Port Talbot in South Wales is perhaps not the most apparent location for the setting of a passion play, but the heart and soul of this incredible film production is soundly based on the community of Port Talbot itself.
Today, Port Talbot is an unglamorous place; heavy industry has raped its landscape and the town is unsympathetically sliced in two by the M4 motorway that runs right over it. Port Talbot cowers beneath a road and is dwarfed by structures that engulf it. There are mile upon mile of chemical companies with their flames illuminating the night sky and the air has an acrid stench that stays in the mouth.
To the north is mountainous terrain and to the south is the endless sprawl of white sand that is Aberavon beach. Sandwiched between, beached like a whale Port Talbot lies like an ugly monster, dead and decaying.
It’s not the sort of place a tourist may stop for a cup of tea, better to put your foot on the accelerator and speed right past it. Port Talbot appears unloved, a place destroyed by industrialists and corporate development, a community that yearns for the past, unencumbered by the complications of the present.
The film production of Gospel of Us is co-directed by local boy and internationally renowned actor Michael Sheen and includes a cast of thousands, and was shown at City Screen, York. A British film drama based on a novel of the same name by Owen Sheers and the three day passion play Sheen performed in April 2011 in Port Talbot. The 2012 film stars Michael Sheen as The Teacher, a man who has lost all memory of who he is and of the danger his town is facing from a company, ICU. Owen Sheers familiar tale tells of a town in turmoil from the threatening and coldblooded corporation, ICU, who see profit not people in their remorseless pursuit of the town’s resources. Sheen as The Teacher gathers followers around him and becomes the focus for the Resistance. ICU sees The Teacher as a threat, to be removed at all costs.
The film is a visual delight, directed by the creative genius Dave McKean, an English illustrator, photographer, comic book artist, graphic designer, filmmaker and musician. The brilliant abstract imagery is indeed a titillation of the senses with angels astride burning bicycles, luminous ghosts, shrines to lost futures, snipers hovering ominously on the roof of the shopping precinct.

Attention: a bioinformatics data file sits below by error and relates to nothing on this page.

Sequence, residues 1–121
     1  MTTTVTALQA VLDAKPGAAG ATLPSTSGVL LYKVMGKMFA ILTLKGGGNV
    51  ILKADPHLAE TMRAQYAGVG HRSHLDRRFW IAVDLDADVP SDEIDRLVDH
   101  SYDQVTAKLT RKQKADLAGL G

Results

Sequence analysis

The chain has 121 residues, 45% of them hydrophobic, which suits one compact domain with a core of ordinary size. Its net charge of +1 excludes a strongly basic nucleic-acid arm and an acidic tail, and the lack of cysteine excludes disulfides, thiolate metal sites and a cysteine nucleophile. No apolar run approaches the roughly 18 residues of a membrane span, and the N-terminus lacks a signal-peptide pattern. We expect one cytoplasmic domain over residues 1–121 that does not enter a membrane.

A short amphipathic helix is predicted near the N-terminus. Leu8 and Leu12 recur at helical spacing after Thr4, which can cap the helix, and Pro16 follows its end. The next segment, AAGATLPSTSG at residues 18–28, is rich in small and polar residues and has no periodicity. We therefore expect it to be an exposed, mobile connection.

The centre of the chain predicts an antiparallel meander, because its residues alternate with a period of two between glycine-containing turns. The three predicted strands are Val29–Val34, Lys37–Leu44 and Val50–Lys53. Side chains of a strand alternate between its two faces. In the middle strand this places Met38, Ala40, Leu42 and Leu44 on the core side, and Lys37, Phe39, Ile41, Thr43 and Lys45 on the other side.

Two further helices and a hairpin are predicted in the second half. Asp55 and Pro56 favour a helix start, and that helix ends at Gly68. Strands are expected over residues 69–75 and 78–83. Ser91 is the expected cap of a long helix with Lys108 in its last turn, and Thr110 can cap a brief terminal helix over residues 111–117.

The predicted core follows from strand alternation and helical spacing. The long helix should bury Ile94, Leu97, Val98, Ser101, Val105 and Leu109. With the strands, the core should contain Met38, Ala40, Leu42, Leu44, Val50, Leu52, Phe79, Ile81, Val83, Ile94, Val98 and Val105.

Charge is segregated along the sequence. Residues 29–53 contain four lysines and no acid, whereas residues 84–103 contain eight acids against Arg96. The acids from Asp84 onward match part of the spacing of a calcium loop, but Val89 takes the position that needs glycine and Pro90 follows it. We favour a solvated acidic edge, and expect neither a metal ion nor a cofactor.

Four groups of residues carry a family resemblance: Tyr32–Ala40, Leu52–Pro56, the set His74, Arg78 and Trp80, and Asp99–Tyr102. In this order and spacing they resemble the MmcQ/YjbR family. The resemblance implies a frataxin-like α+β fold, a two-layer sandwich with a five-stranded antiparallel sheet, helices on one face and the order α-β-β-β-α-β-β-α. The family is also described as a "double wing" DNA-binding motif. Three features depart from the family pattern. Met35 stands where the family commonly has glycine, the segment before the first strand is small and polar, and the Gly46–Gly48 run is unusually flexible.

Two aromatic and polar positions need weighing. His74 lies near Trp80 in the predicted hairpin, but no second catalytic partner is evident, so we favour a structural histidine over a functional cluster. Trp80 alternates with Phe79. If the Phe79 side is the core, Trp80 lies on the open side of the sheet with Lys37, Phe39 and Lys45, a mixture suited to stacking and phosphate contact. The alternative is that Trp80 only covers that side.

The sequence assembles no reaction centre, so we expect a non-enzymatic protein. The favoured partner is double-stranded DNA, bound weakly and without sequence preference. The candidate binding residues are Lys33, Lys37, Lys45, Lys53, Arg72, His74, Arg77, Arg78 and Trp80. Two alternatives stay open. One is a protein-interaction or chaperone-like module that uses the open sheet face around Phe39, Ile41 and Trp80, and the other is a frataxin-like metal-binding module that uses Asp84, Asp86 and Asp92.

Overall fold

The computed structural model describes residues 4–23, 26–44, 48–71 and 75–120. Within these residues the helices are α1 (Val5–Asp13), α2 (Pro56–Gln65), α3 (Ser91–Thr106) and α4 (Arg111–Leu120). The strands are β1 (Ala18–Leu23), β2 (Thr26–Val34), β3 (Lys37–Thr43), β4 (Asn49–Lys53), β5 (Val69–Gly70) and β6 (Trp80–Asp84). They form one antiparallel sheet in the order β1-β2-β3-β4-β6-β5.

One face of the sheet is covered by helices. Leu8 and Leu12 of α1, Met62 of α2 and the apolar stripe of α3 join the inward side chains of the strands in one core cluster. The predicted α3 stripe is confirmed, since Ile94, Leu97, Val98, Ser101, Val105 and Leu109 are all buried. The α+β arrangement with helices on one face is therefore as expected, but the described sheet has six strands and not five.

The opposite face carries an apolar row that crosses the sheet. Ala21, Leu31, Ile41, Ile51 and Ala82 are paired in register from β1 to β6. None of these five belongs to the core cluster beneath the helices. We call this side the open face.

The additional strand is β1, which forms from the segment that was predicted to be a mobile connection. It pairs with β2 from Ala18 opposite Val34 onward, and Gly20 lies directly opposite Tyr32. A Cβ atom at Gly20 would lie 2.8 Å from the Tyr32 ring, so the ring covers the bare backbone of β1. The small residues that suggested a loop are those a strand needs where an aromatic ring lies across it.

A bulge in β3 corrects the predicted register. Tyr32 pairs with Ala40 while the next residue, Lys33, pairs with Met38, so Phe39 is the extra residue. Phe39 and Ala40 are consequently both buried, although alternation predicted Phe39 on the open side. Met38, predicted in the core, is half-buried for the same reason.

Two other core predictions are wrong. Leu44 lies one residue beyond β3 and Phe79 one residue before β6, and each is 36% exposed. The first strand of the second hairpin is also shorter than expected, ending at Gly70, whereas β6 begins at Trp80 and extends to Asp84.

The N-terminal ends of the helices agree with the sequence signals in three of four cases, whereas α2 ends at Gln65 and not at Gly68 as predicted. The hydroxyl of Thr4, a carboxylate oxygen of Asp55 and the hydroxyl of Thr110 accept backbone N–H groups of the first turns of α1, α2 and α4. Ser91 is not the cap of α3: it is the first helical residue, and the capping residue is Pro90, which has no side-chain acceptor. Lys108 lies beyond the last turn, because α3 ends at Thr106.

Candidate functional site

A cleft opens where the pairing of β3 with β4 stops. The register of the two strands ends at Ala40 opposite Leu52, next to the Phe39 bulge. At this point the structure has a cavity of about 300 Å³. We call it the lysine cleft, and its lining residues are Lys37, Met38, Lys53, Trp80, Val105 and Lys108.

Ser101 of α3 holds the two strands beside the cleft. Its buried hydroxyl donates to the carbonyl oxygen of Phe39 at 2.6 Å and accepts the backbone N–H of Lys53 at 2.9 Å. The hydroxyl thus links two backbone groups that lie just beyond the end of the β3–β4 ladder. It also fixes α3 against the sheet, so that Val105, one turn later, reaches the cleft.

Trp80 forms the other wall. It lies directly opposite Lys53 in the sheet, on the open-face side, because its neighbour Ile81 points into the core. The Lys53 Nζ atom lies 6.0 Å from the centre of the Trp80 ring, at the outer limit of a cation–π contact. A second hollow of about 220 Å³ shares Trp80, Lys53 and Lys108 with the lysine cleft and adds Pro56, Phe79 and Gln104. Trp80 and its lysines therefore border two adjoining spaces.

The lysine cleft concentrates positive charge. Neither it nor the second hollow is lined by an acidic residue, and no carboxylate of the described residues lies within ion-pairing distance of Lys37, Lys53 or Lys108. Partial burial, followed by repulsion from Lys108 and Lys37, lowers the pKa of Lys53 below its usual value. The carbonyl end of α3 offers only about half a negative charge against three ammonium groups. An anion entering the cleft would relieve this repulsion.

What is incredible about the production is its sheer ambition, being so much more than just a heroic piece of street theatre. Dave McKean also wrote the film soundtrack which itself is an inspired and evocative piece of work. Many of the performances are by local people and an innate consciousness imbues the production with sensitivity from the memories of those people involved. There is the odd intervention from local boys the Manic Street Preachers and the singer Paul Potts.
The Gospel of Us is based on The Gospel of St Mark; however the entire thing is given a distinct twist. The Last Supper is in a seaside Social Club, the garden of Gethsemane being a patch of housing estate grass. The film can be challenging but ultimately it rewards the audiences’ patience by engaging all in the journey.
Ultimately The Teacher is seen as a symbol of freedom to the whole town. With his memory restored, The Teacher begins to cry out about all of the memories of the town until the skyline is lit with a burst of light and the entire town is brought back to life with old memories.
The Gospel of Us is communal invention at its very best. The film is like witnessing shared liberation and the public discover their voice through the collective act of creation. Whatever perceived reality in the production, whether factual, narrative, fable, memory, gossip, or reality, it is gloriously clear for all to see the collective joy Port Talbot experienced making this production.
The Gospel of Us is thought-provoking and inspiring – Port Talbot’s future beginning immediately The Passion ends.
The Gospel of Us is showing at York City Screen on Sunday 5 August in conjunction with York Mystery Plays.